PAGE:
It may be the last thing you think about, but your heirs need your passwords

A huge number of locked, inactive accounts must be lurking inaccessibly online

Share

Passwords have existed since ancient times: Roman soldiers used a complex system of password exchange to distribute messages from one wing of the army to all the others. It was an efficient way of making sure you shared information with friends, not foes. But modern passwords no longer seem to be succeeding on either count.

Two brothers this week have found themselves unable to access their late mother’s iPad. Anthea Grant had security settings enabled, but died without giving the necessary passwords to her children, presumably because the cancer which killed her was a little distracting. Apple refused to divulge the information without Mrs Grant’s written consent, and on learning that she was dead, proposed a simple alternative: a copy of her death certificate, a copy of her will, a solicitor’s letter and, finally, a court order.

Considering that the dinner ladies working in the NSA canteen can almost certainly check out Mrs Grant’s email history and her highest score on Angry Birds, this seems like an unnecessary level of protection. And it doesn’t require an enormous leap of empathy to see that perhaps someone dealing with the death of a parent has more important things to do than trying to unlock an iPad.

It makes me wonder how many locked, inactive accounts must be lurking inaccessibly online. Insurers tell us that we should make sure there’s a note of our accounts and passwords in our wills, but I don’t know anyone who’s ever done so. How would you remember to update the list if you had to change passwords? Most of us don’t spend every day wondering how our loved ones will deal with the administrative fallout of our deaths. And those who do could use a walk in the sunshine and a bun to raise their spirits.

How many passwords do you think you have in total? There are important ones for internet banking, phone and utility bills. Then there are passwords for online shops which hold our credit card details – certainly no one wants those to be hacked. And then there are the endless passwords for places which really don’t require them – websites you’ll use once, but which require you to register nonetheless.

And, of course, the sites which operate under the mistaken belief that their content is enormously important and potentially hackable. I value a good knitting pattern more than most, but I still don’t think I need a secure account to access them. If someone wants a pattern that badly, I think we should just agree as a society that their need is greater than mine. Similarly, I have to log into secure sites to access television programmes to review. The level of security is all too often inversely proportionate to the quality of the work.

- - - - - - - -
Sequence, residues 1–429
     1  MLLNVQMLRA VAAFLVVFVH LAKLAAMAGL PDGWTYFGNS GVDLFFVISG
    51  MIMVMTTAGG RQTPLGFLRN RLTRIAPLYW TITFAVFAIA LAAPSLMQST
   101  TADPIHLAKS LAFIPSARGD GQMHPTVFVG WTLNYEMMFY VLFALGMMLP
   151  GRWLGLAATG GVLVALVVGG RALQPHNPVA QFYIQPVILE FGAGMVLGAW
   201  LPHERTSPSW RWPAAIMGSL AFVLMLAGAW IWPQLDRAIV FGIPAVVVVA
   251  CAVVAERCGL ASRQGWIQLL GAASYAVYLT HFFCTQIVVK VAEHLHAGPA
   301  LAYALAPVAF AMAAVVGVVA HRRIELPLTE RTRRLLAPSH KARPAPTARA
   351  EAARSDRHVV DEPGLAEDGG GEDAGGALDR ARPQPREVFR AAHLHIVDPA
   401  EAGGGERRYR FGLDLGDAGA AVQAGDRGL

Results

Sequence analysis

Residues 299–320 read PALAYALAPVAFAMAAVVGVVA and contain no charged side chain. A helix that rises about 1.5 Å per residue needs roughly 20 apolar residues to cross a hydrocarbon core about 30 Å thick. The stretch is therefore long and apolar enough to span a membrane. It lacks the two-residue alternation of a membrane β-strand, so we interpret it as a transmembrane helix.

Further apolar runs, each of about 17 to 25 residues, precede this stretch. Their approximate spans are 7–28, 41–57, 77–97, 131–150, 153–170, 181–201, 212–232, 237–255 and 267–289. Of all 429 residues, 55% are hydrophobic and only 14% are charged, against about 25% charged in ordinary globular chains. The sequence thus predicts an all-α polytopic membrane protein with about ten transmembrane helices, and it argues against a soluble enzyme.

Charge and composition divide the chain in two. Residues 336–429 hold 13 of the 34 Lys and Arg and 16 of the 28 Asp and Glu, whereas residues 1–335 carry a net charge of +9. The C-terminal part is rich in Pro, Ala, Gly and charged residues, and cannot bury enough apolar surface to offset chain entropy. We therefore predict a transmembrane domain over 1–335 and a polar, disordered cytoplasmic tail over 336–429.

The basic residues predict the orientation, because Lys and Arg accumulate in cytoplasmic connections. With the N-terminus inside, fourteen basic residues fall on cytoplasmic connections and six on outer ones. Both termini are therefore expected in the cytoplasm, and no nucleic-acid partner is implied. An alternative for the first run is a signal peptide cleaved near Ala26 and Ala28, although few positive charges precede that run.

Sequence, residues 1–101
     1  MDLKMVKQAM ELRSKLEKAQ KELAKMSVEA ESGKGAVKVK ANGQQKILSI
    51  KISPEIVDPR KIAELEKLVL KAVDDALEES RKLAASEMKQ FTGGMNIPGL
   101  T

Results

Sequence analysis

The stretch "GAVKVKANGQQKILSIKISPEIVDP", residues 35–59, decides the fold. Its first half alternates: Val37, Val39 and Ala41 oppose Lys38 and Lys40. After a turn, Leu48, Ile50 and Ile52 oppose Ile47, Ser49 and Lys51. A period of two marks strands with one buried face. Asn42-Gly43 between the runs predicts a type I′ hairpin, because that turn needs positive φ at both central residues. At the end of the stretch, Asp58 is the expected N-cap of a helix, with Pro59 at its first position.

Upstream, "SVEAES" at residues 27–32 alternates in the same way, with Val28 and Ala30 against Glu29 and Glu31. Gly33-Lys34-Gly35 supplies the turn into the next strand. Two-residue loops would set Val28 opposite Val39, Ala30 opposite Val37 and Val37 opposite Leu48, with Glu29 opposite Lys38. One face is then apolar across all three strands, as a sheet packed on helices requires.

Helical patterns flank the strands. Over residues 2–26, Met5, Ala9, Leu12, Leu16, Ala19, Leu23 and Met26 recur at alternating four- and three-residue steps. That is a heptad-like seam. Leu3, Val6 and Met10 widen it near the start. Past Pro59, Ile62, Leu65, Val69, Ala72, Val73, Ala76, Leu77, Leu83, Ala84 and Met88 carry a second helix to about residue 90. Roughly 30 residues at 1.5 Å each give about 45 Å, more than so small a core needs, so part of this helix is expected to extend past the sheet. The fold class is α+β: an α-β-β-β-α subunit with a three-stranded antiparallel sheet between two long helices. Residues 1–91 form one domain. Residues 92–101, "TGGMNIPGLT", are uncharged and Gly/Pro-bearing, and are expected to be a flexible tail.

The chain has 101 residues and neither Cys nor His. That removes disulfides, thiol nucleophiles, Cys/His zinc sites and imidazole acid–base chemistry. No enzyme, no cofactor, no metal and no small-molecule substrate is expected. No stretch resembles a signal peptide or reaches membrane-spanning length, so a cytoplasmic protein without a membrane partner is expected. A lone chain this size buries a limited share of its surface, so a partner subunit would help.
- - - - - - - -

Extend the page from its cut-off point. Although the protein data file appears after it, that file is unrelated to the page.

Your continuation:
It is fair to say that I can remember, at most, 10 of these passwords. The rest of the time I simply click on the Forgotten Password button, and the company bungs it over to my email. If that were always possible, I can’t help but think that I probably didn’t need the password in the first place. And surely the companies in question don’t want their databases clogged up with vast quantities of moribund accounts.

But in that case, they need to make it easier for us to close accounts when we don’t want them any more, or when someone dies. It’s not unreasonable to require documentary evidence, but shouldn’t a death certificate be sufficient to prove a death? Demanding a court order to protect privacy is a bit rich coming from Apple, a company which had to patch its software last week, because a glitch left accounts vulnerable if used on unsecured Wi-Fi. The problem had gone unnoticed by the company for several months. If Apple is so concerned about the privacy of its dead customers, why doesn’t it extend that protection to the living?

Cafés are not ideal for furry friends

On the subject of wills, a new survey has revealed that pets are the least popular bequests: 41 per cent of us would rather not be left an animal in someone’s will. This suggests to me that the 59 per cent majority of us would like nothing more than the chance to acquire a free dog, cat or budgerigar. We really are a nation of animal lovers. But for those of us who don’t have the space for a pet, there is a strange alternative in London: a cat café.

Despite concerns from the Cats Protection charity, the café is booked solidly for the next two months. Londoners, it seems, are in need of a furry friend or two. I wonder if some of these cat fans couldn’t volunteer for a few hours at a local animal sanctuary instead. They have cats to stroke and tea to drink, and they can usually use some extra help.